'I nearly lost it when we lived in Cambridge and the Queen Mother came to visit.'

View of Windsor Castle, late 1820s, possibly by William Havell (1782–1857), 241⁄4in by 151⁄4in, Baroness Trumpington’s private collection.

Baroness Trumpington says:
‘My husband was a beak at Eton, so I knew the area very well. I love searching through junk and antique shops and, one day, we were in a grotty old shop in the Thames valley and saw this picture sitting on the floor with 50 others. I fell madly in love with it, so my husband bought it for £5 and gave it to me as a present for having just had a baby. It’s in my dining room and was damaged when my new panic-button installation set the flat on fire while I was out playing bridge, but luckily not badly and I’ve had it restored. I nearly lost it when we lived in Cambridge and the Queen Mother came to visit. She said how much she admired it; I replied: “I suppose I ought to give it to you, but I’m not going to”‘

Baroness Trumpington is a life peer in the House of Lords.

John McEwen comments:
In her characteristically forthright and merry memoir, Coming up Trumps, Baroness Trumpington writes she ‘had a good grounding in art’. Before the Second World War, she was ‘finished’ in Montrichard and Paris, which included a year of art lessons twice a week in Tours. In the mid 1950s, she married Alan Barker, an Eton beak and then headmaster of The Leys. At Eton and Cambridge, she ‘learnt a lot’ through friendship with antique dealers and, eventually, even dealt a bit herself.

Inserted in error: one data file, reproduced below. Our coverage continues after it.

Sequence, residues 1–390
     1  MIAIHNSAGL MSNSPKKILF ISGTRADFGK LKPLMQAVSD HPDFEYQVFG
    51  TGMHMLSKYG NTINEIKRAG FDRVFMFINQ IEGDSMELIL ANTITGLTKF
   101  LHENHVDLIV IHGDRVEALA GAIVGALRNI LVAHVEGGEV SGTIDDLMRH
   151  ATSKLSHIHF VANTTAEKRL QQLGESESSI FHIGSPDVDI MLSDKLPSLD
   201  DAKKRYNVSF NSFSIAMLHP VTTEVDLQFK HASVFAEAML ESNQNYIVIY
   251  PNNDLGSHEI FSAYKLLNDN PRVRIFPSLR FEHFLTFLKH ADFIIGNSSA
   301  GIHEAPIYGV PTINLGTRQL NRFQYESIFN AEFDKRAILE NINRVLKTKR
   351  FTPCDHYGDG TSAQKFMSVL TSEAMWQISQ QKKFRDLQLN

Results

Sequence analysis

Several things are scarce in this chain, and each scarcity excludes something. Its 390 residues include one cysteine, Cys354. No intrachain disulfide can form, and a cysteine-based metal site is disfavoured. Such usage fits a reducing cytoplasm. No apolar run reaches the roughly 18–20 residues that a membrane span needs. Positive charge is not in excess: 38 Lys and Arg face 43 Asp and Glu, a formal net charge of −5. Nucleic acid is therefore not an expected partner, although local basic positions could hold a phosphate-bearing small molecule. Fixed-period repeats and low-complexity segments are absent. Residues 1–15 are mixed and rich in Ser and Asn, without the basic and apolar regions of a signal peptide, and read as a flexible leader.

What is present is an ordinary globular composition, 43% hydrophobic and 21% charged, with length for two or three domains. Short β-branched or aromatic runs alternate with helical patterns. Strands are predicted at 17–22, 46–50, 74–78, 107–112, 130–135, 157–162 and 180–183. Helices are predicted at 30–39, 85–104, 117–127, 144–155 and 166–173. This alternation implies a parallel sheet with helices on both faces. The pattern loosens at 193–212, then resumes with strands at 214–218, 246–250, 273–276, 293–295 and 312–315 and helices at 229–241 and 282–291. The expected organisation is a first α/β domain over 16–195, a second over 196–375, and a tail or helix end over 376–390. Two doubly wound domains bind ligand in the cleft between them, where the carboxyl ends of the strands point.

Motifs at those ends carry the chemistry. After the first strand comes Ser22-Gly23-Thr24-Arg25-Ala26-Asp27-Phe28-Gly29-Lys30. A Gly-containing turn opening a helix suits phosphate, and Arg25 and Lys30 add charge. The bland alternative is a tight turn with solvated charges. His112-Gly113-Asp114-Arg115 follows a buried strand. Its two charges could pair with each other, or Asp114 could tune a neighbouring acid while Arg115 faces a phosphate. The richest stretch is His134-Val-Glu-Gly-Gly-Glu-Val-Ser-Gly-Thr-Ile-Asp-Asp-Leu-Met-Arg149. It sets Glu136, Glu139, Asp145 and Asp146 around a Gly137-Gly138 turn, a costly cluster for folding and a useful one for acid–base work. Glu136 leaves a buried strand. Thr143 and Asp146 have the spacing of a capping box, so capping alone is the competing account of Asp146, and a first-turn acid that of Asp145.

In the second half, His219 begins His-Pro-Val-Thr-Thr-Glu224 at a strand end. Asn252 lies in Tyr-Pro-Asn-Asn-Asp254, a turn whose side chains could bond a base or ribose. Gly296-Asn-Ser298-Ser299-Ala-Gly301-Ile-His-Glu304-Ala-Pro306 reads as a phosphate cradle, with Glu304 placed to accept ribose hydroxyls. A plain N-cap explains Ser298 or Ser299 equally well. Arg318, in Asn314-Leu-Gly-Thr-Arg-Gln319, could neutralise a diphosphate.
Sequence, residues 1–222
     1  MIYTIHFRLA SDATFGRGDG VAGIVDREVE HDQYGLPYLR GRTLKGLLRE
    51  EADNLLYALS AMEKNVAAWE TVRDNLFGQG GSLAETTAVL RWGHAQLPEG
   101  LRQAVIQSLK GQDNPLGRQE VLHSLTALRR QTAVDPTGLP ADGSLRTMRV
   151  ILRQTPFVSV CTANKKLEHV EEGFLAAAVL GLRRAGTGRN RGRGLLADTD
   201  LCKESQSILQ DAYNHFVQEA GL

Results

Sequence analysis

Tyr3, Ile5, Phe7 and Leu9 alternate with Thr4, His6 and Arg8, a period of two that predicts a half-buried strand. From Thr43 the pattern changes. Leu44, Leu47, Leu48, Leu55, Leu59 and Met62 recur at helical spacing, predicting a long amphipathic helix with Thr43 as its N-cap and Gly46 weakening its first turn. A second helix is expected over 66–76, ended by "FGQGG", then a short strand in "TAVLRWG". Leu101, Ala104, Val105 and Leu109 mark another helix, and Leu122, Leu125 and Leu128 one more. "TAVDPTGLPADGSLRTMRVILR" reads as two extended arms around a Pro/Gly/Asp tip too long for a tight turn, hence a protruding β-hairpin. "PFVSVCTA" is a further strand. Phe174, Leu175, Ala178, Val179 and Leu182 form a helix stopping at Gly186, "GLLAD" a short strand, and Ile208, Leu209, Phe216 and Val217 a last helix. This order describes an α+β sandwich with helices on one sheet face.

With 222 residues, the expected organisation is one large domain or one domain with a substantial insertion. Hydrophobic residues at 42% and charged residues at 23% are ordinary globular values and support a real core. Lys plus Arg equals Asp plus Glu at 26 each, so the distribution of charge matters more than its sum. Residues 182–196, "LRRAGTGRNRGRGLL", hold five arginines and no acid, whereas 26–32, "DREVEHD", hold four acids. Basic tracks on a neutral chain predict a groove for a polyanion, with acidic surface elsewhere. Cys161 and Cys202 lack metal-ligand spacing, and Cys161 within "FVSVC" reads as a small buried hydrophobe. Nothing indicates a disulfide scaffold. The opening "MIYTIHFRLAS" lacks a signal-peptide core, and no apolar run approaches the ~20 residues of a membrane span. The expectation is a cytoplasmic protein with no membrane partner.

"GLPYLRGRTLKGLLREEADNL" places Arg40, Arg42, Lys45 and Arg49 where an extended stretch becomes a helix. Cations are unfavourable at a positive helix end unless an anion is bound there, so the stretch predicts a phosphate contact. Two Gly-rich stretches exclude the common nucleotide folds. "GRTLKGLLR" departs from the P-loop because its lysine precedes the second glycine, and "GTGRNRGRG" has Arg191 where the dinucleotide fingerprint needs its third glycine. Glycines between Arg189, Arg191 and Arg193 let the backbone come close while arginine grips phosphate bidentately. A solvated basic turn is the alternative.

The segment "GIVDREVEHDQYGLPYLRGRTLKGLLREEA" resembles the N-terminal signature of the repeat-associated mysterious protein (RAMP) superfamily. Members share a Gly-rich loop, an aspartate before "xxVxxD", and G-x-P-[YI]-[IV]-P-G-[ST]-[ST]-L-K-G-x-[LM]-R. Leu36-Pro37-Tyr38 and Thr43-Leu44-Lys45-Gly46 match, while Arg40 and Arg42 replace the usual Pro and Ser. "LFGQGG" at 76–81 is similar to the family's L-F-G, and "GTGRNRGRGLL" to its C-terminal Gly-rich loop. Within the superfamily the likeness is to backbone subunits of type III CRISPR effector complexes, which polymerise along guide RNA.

This charming prospect of Windsor Castle from the Long Walk on a hazy autumn day shows members of the Old Windsor Hunt. Jeffry Wyatt (later Wyattville) was commissioned by George IV in 1824 to ‘vamp up’ and extend the castle. By 1830, the work was almost complete, including the additions, shown here, to the Round Tower, Henry II’s keep. Huon Mallalieu writes: ‘A good many early-19th-century artists painted views in the Park, quite often variants on this one down the Long Drive. It’s a bit like Barret Jr, but, if pressed, I would tentatively go for William Havell.’ Havell’s undated painting The Long Walk, Windsor Great Park has a similar composition and mellow atmosphere.

Havell’s father was drawing master at Reading Grammar School. There were 14 children, the source for a dynasty of six Havell painters into the 20th century. William, the most admired, travelled widely. He was official artist to the British embassy in Peking in 1816, a portrait painter in India and Burma, 1817–25, and toured Italy in 1828/29. His most popular works remain scenes of the Thames valley.

This article was originally published in Country Life, April 1, 2015

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